Throughout history, people have devised elaborate ways to memorialize the dead: the pyramids of Egypt, Europe’s Gothic mausoleums, the Taj Mahal in India. What some mourners consider meaningful, others would call macabre. In 19th-century Europe and America, “death photography” produced portraits of the departed in lifelike poses; in the Tibetan Buddhist rite known as sky burial or bya gtor (alms for the birds), earthly remains are set out to feed vultures.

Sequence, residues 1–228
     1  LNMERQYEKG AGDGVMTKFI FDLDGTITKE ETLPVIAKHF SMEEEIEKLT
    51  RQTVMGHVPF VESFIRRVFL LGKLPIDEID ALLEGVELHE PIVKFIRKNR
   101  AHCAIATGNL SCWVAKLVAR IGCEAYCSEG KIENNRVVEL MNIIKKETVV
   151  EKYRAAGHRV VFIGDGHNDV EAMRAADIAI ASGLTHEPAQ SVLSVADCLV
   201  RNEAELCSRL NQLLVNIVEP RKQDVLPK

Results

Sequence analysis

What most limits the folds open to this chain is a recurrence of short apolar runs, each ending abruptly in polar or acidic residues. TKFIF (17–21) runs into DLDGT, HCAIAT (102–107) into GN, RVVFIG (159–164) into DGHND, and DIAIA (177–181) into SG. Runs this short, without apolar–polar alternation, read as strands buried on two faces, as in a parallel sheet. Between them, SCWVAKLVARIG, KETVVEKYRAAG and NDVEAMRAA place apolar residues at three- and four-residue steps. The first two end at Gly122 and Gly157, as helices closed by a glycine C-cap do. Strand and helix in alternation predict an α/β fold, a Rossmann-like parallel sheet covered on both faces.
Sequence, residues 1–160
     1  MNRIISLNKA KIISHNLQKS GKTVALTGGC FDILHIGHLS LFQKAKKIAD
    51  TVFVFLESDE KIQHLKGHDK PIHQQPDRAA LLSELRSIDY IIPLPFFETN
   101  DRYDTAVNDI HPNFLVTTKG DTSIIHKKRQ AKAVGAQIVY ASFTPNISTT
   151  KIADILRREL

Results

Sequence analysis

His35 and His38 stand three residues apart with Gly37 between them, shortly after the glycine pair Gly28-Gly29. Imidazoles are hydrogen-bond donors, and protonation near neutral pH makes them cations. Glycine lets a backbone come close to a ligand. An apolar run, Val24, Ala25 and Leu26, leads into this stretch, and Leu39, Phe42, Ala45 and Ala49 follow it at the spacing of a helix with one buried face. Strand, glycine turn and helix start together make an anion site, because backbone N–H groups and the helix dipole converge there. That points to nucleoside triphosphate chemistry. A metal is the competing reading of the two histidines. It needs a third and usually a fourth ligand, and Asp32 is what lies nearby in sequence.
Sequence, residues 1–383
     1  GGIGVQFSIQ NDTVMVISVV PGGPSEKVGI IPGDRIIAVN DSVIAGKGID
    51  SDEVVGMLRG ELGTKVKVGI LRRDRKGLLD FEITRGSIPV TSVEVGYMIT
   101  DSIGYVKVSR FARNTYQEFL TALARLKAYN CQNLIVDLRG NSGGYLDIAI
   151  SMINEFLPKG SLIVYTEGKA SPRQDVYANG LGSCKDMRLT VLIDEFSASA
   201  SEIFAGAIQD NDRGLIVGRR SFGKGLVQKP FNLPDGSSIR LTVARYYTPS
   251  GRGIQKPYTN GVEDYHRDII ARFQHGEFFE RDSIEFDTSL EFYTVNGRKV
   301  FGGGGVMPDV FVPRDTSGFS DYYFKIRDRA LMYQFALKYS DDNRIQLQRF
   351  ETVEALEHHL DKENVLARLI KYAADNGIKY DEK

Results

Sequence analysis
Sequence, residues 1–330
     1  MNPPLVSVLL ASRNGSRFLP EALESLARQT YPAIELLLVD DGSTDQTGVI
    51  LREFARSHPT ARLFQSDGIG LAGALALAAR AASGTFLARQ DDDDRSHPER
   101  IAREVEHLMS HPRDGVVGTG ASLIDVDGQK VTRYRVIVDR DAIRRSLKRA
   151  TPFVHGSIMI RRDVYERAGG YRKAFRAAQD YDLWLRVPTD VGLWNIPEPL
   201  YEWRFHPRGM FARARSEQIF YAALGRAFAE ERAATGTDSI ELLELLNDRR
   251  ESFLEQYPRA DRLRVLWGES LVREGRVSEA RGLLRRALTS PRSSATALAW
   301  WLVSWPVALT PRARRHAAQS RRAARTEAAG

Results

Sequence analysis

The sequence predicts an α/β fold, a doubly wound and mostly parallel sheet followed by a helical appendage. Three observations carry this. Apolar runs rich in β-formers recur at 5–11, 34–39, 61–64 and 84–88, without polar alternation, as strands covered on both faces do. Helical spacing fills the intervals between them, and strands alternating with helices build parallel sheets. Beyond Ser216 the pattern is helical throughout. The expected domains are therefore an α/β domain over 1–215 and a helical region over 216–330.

Notions about honoring the dead are shaped by many factors—culture, tradition, geography, religion. But the notion is one thing, and the execution is another. In every era, it’s the available technology that determines our range of memorial options.
The intersections of death and technology have long been busy crossroads. In these early years of the 21st century, they’re getting really interesting. Because I write about science and technology for a living, I’ve lingered at these intersections, observing the innovations: digital memorials on social media, eco-friendly green burial options, even interactive tombstones.